WorkSafeBC rethinks predicting hazards after fatal mill explosions

By , , on May 14, 2015


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PRINCE GEORGE, B.C. — Two fatal sawmill explosions in northern B.C. prompted the province’s workers’ compensation board to rethink the way it looks for workplace hazards before they cause problems, a coroner’s inquest heard Tuesday.

WorkSafeBC established a “risk analysis unit” in 2014, which has been has been looking at disasters in other parts of the world to predict if similar situations could occur in B.C., Al Johnson of WorkSafeBC told the coroner’s jury.

Previously, the agency relied on claims data it had collected from past incidents to decide where its focus should be, he told the inquest looking into the Lakeland Mills blast in Prince George in April 2012.

The changes were made after the Lakeland blast and an explosion at Babine Forest Products near Burns Lake in January 2012. Four workers were killed and more than 40 more workers were injured, many seriously.

An inquest into the Babine explosion will be held in Burns Lake in July.

Johnson told the inquest that the two explosions were unprecedented, and WorkSafeBC was not aware of the danger of sawdust, particularly from beetle-killed pine, posed as a fuel for an explosion even in a relatively expansive area such as a sawmill.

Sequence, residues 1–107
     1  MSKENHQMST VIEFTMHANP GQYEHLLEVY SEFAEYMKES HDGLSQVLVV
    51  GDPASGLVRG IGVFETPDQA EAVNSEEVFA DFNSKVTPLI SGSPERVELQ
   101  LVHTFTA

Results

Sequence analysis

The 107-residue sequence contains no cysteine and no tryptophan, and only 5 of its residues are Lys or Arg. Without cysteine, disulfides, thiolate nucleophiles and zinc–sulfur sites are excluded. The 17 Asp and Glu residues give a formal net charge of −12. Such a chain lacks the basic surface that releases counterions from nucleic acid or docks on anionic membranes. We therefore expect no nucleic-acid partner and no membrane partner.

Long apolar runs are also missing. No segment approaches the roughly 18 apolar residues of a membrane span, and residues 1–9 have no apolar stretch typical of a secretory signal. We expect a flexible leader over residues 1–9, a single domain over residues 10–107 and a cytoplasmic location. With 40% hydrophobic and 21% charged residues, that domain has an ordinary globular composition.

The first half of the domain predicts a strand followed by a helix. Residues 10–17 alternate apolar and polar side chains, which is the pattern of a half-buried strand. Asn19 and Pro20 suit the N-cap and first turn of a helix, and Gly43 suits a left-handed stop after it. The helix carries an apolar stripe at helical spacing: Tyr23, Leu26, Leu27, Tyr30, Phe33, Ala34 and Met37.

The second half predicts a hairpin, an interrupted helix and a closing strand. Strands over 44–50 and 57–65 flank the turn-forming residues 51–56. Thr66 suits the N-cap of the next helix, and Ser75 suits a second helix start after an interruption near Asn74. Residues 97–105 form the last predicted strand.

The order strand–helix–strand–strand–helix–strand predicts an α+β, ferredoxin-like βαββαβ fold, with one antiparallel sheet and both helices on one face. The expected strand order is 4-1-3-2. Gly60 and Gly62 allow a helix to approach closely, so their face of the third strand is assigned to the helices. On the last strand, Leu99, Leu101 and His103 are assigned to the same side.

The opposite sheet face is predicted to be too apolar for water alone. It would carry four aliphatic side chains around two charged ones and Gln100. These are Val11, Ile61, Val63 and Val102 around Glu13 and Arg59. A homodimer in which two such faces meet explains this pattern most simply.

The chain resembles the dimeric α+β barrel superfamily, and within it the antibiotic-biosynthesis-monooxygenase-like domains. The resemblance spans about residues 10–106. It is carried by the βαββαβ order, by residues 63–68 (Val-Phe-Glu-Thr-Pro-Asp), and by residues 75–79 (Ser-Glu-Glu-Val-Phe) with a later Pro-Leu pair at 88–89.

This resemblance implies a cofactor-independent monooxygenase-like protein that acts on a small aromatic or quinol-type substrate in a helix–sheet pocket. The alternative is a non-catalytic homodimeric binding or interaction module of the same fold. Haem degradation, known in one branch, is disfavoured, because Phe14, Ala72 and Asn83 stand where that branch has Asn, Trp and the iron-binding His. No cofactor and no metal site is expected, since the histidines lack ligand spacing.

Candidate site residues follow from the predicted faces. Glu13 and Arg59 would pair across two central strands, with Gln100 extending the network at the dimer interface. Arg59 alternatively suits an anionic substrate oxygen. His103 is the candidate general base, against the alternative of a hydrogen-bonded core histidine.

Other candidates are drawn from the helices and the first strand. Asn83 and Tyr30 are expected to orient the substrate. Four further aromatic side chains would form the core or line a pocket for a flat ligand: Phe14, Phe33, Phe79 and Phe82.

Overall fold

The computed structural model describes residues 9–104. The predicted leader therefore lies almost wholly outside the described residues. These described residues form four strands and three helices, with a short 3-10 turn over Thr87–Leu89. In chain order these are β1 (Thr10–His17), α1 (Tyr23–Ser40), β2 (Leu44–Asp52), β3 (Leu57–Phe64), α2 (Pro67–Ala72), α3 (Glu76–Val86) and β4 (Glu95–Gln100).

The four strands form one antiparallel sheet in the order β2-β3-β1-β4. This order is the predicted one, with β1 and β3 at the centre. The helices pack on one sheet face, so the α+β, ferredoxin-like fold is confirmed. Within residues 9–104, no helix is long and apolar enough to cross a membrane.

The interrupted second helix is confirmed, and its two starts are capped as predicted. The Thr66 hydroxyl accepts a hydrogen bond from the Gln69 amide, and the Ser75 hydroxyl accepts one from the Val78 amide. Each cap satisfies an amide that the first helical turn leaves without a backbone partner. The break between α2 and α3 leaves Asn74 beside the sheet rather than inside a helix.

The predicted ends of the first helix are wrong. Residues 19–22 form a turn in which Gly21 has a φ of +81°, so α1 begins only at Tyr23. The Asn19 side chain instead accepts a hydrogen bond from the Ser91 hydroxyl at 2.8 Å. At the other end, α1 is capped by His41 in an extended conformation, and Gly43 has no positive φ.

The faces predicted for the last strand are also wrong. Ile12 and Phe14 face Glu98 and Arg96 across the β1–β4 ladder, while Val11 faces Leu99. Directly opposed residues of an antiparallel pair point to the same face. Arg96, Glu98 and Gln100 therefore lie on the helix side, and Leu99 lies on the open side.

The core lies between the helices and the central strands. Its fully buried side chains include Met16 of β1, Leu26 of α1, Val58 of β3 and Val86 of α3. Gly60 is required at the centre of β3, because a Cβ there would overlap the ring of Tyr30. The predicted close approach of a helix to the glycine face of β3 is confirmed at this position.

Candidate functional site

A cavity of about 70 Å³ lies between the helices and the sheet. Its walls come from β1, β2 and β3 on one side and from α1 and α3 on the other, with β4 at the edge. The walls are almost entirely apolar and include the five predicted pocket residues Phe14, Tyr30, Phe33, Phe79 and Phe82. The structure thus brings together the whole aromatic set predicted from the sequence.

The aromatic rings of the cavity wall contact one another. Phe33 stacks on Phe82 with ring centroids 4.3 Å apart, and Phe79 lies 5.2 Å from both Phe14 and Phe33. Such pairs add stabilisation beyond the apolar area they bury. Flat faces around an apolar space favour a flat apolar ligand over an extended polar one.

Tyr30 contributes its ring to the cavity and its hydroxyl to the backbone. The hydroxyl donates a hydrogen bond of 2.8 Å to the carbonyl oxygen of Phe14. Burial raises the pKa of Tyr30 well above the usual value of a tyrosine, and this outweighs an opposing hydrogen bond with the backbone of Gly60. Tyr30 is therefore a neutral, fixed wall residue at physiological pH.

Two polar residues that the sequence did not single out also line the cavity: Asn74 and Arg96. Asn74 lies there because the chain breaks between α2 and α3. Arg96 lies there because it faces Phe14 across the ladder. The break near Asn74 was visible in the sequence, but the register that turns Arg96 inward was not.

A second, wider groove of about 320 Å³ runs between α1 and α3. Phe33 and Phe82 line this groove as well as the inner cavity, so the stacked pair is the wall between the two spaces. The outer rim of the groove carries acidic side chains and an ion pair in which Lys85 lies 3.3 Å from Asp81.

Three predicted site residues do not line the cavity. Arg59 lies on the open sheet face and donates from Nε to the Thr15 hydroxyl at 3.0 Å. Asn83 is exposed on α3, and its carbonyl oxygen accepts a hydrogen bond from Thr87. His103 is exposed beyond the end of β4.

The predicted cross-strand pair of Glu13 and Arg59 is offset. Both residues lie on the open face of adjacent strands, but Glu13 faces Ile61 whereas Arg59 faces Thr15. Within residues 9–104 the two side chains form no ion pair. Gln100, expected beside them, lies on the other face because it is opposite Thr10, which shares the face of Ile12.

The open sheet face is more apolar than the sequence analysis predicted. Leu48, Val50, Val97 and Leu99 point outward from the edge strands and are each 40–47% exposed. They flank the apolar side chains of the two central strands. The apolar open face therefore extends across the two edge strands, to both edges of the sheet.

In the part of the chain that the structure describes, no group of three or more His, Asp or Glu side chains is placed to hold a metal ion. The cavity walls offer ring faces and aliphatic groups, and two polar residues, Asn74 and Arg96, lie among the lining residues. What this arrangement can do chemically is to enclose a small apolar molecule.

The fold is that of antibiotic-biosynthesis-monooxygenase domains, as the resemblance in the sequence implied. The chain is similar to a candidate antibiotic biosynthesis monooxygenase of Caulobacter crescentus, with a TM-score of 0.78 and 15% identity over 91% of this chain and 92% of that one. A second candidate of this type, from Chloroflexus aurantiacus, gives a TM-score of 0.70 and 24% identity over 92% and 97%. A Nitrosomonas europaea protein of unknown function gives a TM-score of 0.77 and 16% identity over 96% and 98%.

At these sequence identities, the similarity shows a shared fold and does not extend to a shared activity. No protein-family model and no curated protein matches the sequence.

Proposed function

“All the claims data in the world would not have told it should be focused on combustible dust in sawmills because there weren’t any claims,” Johnson said.

Now, the agency responds to situations worldwide — such as the fertilizer plant that exploded in Texas in 2013 — to determine if a similar situation could develop in B.C. The new unit also analyzes how the situations could be prevented through increased inspections or an information campaign.

“I would like to think that if we had a risk analysis unit in place prior to Babine, we might have been in a better position to understand the events that occurred,” Johnson said.